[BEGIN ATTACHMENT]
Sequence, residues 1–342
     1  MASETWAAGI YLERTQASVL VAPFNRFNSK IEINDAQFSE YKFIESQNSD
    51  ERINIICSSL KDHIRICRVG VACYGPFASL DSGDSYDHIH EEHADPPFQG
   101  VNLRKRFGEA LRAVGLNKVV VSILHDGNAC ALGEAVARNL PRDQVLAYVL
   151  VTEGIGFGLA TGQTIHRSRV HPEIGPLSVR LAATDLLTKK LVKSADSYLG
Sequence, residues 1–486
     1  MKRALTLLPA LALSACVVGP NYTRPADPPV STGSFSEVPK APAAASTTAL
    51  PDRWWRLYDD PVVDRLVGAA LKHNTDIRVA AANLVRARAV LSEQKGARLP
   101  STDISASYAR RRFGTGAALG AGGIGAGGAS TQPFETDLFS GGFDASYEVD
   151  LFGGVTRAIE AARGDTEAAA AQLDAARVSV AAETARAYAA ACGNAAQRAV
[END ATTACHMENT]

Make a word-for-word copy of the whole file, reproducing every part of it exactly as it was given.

Sequence, residues 1–342
     1  MASETWAAGI YLERTQASVL VAPFNRFNSK IEINDAQFSE YKFIESQNSD
    51  ERINIICSSL KDHIRICRVG VACYGPFASL DSGDSYDHIH EEHADPPFQG
   101  VNLRKRFGEA LRAVGLNKVV VSILHDGNAC ALGEAVARNL PRDQVLAYVL
   151  VTEGIGFGLA TGQTIHRSRV HPEIGPLSVR LAATDLLTKK LVKSADSYLG
Sequence, residues 1–486
     1  MKRALTLLPA LALSACVVGP NYTRPADPPV STGSFSEVPK APAAASTTAL
    51  PDRWWRLYDD PVVDRLVGAA LKHNTDIRVA AANLVRARAV LSEQKGARLP
   101  STDISASYAR RRFGTGAALG AGGIGAGGAS TQPFETDLFS GGFDASYEVD
   151  LFGGVTRAIE AARGDTEAAA AQLDAARVSV AAETARAYAA ACGNAAQRAV